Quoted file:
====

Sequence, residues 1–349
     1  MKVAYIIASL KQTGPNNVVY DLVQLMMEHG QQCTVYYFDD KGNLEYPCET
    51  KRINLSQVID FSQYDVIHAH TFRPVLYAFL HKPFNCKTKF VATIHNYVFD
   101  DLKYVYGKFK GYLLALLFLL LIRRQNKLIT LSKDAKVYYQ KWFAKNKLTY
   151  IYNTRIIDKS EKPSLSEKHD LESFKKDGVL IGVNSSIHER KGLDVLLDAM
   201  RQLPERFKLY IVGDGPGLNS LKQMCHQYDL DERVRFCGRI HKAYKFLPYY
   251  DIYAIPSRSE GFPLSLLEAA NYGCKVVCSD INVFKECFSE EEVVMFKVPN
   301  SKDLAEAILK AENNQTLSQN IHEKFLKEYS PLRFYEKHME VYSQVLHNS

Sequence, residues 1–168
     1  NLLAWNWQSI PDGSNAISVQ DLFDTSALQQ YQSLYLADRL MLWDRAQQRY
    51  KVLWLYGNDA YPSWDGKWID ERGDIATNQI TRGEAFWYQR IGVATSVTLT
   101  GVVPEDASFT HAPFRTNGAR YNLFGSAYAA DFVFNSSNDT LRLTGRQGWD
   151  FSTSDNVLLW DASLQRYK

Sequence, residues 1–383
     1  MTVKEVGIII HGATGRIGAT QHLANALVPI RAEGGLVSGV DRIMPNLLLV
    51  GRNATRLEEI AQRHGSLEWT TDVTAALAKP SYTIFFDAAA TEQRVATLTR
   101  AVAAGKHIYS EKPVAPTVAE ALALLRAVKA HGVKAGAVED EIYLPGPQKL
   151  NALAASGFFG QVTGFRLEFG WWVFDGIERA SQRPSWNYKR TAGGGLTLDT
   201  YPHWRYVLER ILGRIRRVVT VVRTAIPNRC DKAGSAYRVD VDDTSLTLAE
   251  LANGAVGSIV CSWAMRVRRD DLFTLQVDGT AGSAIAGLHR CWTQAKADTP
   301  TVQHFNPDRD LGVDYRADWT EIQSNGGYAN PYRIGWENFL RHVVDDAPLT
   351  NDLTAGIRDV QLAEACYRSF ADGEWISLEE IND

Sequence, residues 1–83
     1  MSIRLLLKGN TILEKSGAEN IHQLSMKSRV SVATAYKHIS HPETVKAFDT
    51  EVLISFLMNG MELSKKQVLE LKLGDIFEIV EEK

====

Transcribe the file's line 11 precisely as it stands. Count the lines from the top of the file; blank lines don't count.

    51  KVLWLYGNDA YPSWDGKWID ERGDIATNQI TRGEAFWYQR IGVATSVTLT